Understanding movement intentions of IDPs living in camps

July 22, 2020

Following the de-escalation of active military operations in late 2017 and early 2018 the fighting has stabilised in Iraq, shifting to a post-conflict context. The government has been encouraging Internally Displaced Persons  (IDP) to return to their area of origin, with camps progressively closing since June 2019. In spite of this recommendation, the vast majority of IDP households living in camps reported having no intention of returning to their area of origin. The majority also perceived that security and safety conditions were still unstable in their area of origin.  Reasons cited for not returning were also related to the perceived living conditions in the area of origin, such as the lack of livelihood opportunities and basic services, as well as the lack of assistance. Together, these factors work against durable returns for IDPs still living in formal camps Iraq.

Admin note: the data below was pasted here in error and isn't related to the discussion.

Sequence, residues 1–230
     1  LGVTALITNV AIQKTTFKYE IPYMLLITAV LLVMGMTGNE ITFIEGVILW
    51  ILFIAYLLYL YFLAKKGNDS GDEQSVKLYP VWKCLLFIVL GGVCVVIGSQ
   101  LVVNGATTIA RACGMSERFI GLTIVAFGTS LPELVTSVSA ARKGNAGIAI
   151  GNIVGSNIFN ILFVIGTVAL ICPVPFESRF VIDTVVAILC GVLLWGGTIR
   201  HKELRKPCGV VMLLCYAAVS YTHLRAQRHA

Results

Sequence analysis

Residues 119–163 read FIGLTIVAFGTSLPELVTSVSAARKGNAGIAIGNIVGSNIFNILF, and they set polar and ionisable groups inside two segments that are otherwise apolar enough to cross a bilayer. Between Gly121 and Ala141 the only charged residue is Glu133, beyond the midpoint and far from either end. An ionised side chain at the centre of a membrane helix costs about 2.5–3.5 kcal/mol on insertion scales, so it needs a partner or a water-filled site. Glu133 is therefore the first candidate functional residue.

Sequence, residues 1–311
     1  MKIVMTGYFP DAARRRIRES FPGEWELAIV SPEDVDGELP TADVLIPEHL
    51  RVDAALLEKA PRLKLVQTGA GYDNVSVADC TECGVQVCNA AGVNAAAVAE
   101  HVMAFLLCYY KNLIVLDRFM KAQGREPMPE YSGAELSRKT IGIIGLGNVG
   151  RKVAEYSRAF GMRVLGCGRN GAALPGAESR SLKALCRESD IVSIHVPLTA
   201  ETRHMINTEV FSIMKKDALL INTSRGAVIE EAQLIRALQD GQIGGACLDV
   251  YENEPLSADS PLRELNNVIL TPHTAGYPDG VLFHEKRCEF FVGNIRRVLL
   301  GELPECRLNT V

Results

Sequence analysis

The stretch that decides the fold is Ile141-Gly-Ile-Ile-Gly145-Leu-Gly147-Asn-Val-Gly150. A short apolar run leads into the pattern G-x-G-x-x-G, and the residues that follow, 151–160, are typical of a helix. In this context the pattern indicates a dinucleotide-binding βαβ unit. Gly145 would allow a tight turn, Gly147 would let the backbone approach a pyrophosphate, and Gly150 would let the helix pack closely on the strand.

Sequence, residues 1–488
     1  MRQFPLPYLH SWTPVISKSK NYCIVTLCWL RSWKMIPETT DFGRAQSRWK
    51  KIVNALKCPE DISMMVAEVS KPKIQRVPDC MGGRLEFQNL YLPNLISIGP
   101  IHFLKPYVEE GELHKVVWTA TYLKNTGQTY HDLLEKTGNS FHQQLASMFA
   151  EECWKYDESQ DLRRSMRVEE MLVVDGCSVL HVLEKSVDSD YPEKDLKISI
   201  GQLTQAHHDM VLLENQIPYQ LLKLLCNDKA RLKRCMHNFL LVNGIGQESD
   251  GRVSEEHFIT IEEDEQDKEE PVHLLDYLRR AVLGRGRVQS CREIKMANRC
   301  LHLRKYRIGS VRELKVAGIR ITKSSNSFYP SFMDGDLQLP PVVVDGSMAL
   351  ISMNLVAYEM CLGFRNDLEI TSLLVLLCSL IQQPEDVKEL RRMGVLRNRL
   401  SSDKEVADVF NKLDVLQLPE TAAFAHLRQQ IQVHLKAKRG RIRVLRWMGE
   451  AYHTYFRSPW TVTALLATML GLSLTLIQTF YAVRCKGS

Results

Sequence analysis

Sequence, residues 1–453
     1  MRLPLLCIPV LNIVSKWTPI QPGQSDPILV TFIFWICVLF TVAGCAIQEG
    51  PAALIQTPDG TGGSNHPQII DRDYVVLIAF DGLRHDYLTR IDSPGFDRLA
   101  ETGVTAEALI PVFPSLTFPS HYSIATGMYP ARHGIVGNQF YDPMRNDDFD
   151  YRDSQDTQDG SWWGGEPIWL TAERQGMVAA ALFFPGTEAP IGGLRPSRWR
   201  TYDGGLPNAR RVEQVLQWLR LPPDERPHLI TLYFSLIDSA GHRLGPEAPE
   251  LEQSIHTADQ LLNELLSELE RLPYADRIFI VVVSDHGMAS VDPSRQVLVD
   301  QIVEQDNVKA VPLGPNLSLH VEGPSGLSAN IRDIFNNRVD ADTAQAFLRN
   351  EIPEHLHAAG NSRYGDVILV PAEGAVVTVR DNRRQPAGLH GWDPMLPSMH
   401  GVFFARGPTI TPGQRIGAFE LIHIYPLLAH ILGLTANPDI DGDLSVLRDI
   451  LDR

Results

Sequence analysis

Against this backdrop, REACH conducted a survey assessing the movement intentions of IDP households living in camps in Iraq, and exploring their perceptions of the conditions in their area of origin. To present the findings from the assessment, REACH published a interactive story-map in partnership with the Iraq Camp Coordination and Camp Management (CCCM) Cluster.

The main objective of the assessment, and the story map, is to fill the gap in the lack of understanding of IDPs’ movement intentions and the drivers of these intentions over time, using data collected since January 2018 with four rounds of added assessments (January 2018, August 2018, February 2019 and July 2019.)

For more information, feel free to scroll through the story-map below or to read it in a separate browser here.